I started. Really, actually, started.
The timing is good. This Saturday marks the end — of the hard part, at least — of writing my book. (I thought the same thing three weeks ago, but this time it’s for real.)
And last Saturday marked exactly 24 weeks until the Burning River 100 Mile Endurance Run, my “A” race for this year.
Twice in the past I’ve had plans to run 100-milers, even picked out the races. Once I even signed up, and wrote a blog post about it for a little accountability. So why am I not the proud owner of a badass 100-miler finisher’s buckle?
Because I failed to take the single most important step toward finishing anything:
I didn’t start.
The Smallest, Most Important Step
“A journey of 1000 miles begins with a single step.” – Lao-tzu
Productivity gurus and GTD experts will tell you that the way to avoid procrastinating, when it comes to big, hairy, scary projects, is to define and take the first (tiny) action. Basically, to start.
Want to get off the couch, get in shape, and run a half marathon?
The action to focus on each day isn’t running 3 or 10 or 13.1 miles, but putting your running shoes on and getting out the door. Once you’re out there, you’ll probably stay out and do a little more.
Procrastinating on that blog post, or that chapter in that novel you’re writing?
Do whatever it takes to get your butt in the chair and write the first sentence. After that, inertia works in your favor, and you’ll more likely sit there and write it than stop with one sentence. (Yep, this is me, today and every other time.)
So often, it’s fear that keeps us from achieving goals, and from starting in the first place. The beauty of starting, though, is that once you’re in the arena, actually doing the work, things usually aren’t nearly as scary or as hard as you make them out to be when you’re on the outside.
Why I Failed
In my previous attempts at 100’s (can I even call them attempts, if I never started?), I did some things correctly. I mapped out a rough plan with a few intermediate races along the way. And as I said, I even signed up once. That’s a huge step, and I’m proud of 2010-me for having the balls to fork over $125 for something that intimidated me as much as 100 miles did.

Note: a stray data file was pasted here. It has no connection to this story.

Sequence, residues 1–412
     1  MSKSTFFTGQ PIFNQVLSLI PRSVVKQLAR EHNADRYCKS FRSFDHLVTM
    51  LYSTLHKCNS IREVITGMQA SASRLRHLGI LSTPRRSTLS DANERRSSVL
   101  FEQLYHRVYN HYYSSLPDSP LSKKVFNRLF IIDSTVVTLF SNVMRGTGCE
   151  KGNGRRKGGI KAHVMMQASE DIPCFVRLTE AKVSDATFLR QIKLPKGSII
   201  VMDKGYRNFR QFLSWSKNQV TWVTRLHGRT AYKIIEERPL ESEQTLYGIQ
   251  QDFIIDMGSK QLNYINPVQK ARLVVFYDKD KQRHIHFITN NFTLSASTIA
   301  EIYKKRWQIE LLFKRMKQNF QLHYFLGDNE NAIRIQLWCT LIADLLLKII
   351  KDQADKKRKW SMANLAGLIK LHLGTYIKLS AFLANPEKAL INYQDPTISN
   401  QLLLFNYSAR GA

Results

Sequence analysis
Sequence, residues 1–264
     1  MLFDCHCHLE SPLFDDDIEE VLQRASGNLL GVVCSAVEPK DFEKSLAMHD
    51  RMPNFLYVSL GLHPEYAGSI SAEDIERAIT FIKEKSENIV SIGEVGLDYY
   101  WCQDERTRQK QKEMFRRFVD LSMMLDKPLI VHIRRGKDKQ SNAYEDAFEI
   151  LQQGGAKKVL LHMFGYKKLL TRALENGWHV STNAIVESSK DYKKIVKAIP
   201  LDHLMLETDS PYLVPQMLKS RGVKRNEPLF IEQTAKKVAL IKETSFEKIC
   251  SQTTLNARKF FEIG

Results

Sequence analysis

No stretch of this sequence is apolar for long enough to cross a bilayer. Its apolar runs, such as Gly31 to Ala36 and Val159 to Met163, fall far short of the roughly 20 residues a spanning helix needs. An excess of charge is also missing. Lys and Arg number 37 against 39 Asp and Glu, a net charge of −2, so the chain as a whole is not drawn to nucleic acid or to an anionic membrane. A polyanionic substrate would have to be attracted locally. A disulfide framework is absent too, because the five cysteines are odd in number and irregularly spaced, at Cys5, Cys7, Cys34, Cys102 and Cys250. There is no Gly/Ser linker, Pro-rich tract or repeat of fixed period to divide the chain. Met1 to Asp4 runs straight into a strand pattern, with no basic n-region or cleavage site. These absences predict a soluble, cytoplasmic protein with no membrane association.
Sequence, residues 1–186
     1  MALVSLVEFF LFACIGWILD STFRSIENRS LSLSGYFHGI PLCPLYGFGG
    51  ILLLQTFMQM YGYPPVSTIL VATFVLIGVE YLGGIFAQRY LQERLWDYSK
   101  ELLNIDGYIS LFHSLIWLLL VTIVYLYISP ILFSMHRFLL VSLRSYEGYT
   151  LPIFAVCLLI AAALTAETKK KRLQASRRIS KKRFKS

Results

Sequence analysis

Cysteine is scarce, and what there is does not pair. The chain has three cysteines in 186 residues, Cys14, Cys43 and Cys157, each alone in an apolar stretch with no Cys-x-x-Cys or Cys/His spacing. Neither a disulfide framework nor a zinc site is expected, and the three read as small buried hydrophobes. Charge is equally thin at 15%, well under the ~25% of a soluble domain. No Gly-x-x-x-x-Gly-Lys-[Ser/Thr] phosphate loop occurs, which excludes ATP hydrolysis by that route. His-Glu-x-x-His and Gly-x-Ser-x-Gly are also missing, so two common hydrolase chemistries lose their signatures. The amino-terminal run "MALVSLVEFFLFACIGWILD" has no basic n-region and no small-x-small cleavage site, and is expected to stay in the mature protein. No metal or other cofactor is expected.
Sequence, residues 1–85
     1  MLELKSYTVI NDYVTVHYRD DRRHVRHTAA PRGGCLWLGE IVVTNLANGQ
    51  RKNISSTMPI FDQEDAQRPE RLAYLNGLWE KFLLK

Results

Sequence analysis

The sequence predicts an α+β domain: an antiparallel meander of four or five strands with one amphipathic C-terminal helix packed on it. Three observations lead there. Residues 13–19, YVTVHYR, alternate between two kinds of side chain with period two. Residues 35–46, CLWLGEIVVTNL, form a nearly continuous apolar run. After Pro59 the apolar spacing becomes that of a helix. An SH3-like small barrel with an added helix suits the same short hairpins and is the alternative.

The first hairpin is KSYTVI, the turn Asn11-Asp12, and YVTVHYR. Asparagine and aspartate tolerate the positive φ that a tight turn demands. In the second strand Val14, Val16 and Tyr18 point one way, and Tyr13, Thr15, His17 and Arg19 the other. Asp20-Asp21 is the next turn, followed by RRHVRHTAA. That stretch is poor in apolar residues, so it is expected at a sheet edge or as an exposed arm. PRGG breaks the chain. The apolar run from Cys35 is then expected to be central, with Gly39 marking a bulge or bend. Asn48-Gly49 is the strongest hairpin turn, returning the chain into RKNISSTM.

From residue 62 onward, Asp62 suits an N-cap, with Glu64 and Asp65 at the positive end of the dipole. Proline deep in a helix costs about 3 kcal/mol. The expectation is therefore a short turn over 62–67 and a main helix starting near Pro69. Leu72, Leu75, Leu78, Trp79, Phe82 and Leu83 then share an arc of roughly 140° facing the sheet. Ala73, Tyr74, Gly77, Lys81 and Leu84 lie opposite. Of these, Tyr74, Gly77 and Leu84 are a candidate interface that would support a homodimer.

With a perspective that only comes with time, I can now look back and see why I didn’t start training. I told myself it was that I was burnt out and needed a break, that having a kid made it harder to do stuff like this, and every other not-completely-false excuse in the book too.
The real reason? I was afraid. Nothing more.
It’s Easier Not to Try
If you start an ultra and don’t finish, you get a big, fat DNF (“Did not finish”). It’s pretty obvious, looking back, that the reason I couldn’t get myself to commit to a training program and actually start is simply that I didn’t want to DNF.
I didn’t believe I could finish a 100, and I thought that if I started training, it was likely I’d one day start the race. Which meant — you gotta love how the mind works — that starting the training would get me one step closer to a DNF.
In other words: Don’t want to fail? Simple, just don’t try.
It’s not that I did nothing those other times. Most recently, last summer after I was inspired by Scott Jurek’s and Rich Roll’s books, I set my sights on a winter 100. And I actually did started running a lot — base-building, I told myself. I even put together a nice little running streak.
But I didn’t choose a training plan. I didn’t say, “I’m doing this,” and I didn’t mark on my calendar the exact date when training would begin. And because of that, it was easy (and comfortable) not to start.
The Difference this Time
I’m not quite foolish enough to proclaim that this time is “the one.”
A lot could go wrong. I’ve been fairly consistent with running over the winter, and on some pretty serious hills, but I don’t have the kind of mileage base I’d like to have.
But I know I’m a step closer. I’ve learned from my mistakes, and I’m better equipped because of them.
This time, I have a training plan. I’m using one from Bryon Powell’s book, Relentless Forward Progress (btw, we’re planning to have Bryon on as a guest in our next podcast episode).
This time, I programmed my trusty Google calendar to tell me when I had a few days before official training started, and when it was go-time.
And this time, this very week, I started. I put in the first 6-miler and 5-miler, and today I’ve got another 6 on the docket. Nothing hard yet, but it feels so very, very different from just clocking miles with no aim other than running for 30 or 40 or 60 minutes. For the past few years, that’s how I’ve run — for time, not for miles. For myself, not for any race goal.
It’s been nice, and in many ways it was all I could muster and it was just what I needed. But I’m ready to train again.
And now, at the very least, I can say that I’ve started.
Vegan Supplements: Which Ones Do You Need?
Written by Matt Frazier and Matt Tullman.
I’m here with a message that, without a doubt, isn’t going to make me the most popular guy at the vegan potluck.
But it’s one I believe is absolutely critical to the long term health of our movement, and that’s why I’m committed to sharing it. Here goes…
Vegans need more than just B12.
Sure, Vitamin B12 might be the only supplement required by vegans in order to survive. But if you’re anything like me, you’re interested in much more than survival — you want to thrive.
So what else do vegans need?